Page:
From New World Encyclopedia

Butane-2D-Skeletal.svg Butane-3D-space-filling.png
CAS number [106-97-8]
Molecular formula C4H10
Molar mass 58.124 g/mol
Appearance Colorless gas
Density 2.48 g/l, gas (15 °C, 1 atm)
Melting point

−138.4 °C (135.4 K)

Boiling point

−0.5 °C (272.6 K)

Solubility in water 6.1 mg/100 ml (20 °C)
EU classification Highly flammable (F+)
NFPA 704

NFPA 704.svg

Flash point −60 °C
Related Compounds
Related alkanes Propane; Pentane
Related compounds Isobutane; Cyclobutane
Except where noted otherwise, data are given for
materials in their standard state
(at 25 °C, 100 kPa)

Butane, also called n-butane (normal butane), is an unbranched alkane with four carbon atoms in each molecule. Its molecular formula may be written as CH3CH2CH2CH3. Butane is also used as a collective term for both n-butane and its only other isomer, isobutane (also called i-butane or methylpropane), CH(CH3)3. Both isomers of butane are highly flammable, colorless gases at ordinary temperatures and atmospheric pressure. They can be extracted from natural gas or obtained by refining petroleum.

Butane is useful for many applications. Bottled butane gas is a fuel for cooking and camping. It is also used as a component of gasoline (petrol), as a feedstock component for the production of base petrochemicals in steam cracking, and as a fuel for cigarette lighters. When butane is blended with propane and other hydrocarbons, the mixture is referred to commercially as liquefied petroleum gas (LPG), which is a fuel for heating appliances and vehicles.

Recent concerns regarding depletion of the ozone layer by freon gases (chlorofluorocarbons or halomethanes) have led to increased use of isobutane and LPG as refrigerants, especially in domestic refrigerators and freezers, and as propellants in aerosol sprays.

Isobutane1.png Isobutane2.png
IUPAC name Isobutane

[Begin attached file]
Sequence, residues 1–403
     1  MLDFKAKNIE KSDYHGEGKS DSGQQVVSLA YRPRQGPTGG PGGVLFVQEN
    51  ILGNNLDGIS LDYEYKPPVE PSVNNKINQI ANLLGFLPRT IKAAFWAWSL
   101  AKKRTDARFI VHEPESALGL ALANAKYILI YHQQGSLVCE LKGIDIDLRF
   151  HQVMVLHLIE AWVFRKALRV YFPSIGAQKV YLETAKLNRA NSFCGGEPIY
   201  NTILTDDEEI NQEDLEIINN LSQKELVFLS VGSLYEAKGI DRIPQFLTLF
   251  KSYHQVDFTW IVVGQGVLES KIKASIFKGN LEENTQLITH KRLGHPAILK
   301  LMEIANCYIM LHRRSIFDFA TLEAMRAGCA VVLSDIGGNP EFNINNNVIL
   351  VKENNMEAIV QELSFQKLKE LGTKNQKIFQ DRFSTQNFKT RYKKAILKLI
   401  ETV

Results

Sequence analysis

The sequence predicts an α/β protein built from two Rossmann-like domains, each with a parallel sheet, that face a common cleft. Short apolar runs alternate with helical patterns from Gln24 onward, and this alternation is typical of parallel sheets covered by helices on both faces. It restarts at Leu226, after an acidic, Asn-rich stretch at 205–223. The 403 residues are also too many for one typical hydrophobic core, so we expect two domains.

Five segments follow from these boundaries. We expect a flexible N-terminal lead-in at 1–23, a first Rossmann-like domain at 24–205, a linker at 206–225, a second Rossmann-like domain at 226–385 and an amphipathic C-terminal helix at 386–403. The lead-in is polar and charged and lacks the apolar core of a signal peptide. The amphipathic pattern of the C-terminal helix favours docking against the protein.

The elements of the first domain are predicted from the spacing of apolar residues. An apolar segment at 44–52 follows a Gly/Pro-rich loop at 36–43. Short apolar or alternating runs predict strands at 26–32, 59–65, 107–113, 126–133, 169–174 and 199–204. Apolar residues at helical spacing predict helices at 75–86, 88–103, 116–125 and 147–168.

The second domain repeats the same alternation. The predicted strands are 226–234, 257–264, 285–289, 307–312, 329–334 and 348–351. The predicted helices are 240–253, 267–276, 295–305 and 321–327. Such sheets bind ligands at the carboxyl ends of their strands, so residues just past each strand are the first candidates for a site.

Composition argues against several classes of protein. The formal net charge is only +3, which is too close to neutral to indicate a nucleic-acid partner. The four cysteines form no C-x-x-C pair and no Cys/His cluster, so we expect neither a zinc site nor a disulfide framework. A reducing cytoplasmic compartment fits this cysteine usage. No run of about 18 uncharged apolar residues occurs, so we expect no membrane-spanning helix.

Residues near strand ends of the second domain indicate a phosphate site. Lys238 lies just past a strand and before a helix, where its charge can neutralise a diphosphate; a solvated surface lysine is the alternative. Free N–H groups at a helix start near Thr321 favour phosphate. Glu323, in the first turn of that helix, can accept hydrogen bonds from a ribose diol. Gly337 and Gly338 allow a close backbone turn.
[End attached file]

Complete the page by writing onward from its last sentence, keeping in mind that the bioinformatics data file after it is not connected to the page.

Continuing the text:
Other names 2-Methylpropane
CAS number [75-28-5]
Molecular formula C4H10
Molar mass 58.12 g mol-1
Appearance colorless gas
Density 2.51 g/l, gas (15 °C, 1 atm);593.4 kg · m-3, liquid
Melting point

-159.6 °C, 114 K, -255 °F

Boiling point

-11.7 °C, 261 K, 11 °F

Solubility in water Insoluble
MSDS External MSDS
EU classification Highly flammable (F+)
NFPA 704

NFPA 704.svg

R-phrases R12
S-phrases S2, S9, S16
Flash point flammable gas
460 °C
Explosive limits 1.8–8.4 percent
Related Compounds
Related alkane Butane
Related compounds Isopentane
Except where noted otherwise, data are given for
materials in their standard state
(at 25 °C, 100 kPa)


The name butane was derived by back-formation from the name butyric acid. The latter is a carboxylic acid with four carbon atoms, including the carbon atom in the carboxyl group. The molecular formula of butyric acid may be written as CH3CH2CH2COOH.


At ordinary temperatures and pressures, n-butane is a colorless gas. Its boiling point is −0.5 °C (272.6 K), and its melting point is −138.4 °C (135.4 K). Likewise, i-butane, the structural isomer of n-butane is a colorless gas, with a boiling point of -11.7 °C (261 K) and a melting point of -159.6 °C (114 K). Both isomeric forms can be readily liquefied at room temperature by compression.

Structural isomers

A molecule of either isomer, n-butane or i-butane, is made up of four carbon atoms and ten hydrogen atoms, so their common molecular formula is C4H10. However, the molecular structures of these isomers differ. In particular, a molecule of n-butane consists of a linear arrangement of the four carbon atoms, so that it can also be represented as CH3-CH2-CH2-CH3. By contrast, a molecule of i-butane has three carbon atoms attached directly to a central carbon atom. The structures of these two isomers are shown in the diagrams below.


When oxygen is plentiful, butane burns to form carbon dioxide and water vapor; when oxygen is limited, carbon (soot) or carbon monoxide may also be formed. The reaction may be written as follows:

2C4H10 + 13O2 → 8CO2 + 10H2O

n-Butane is the feedstock for DuPont's catalytic process for the preparation of maleic anhydride (C2H2(CO)2O), as shown by the following reaction:

CH3CH2CH2CH3 + 3.5O2 → C2H2(CO)2O + 4H2O

n-Butane, like all hydrocarbons, undergoes free radical chlorination producing both 1-chlorobutane and 2-chlorobutane, as well as more highly chlorinated derivatives.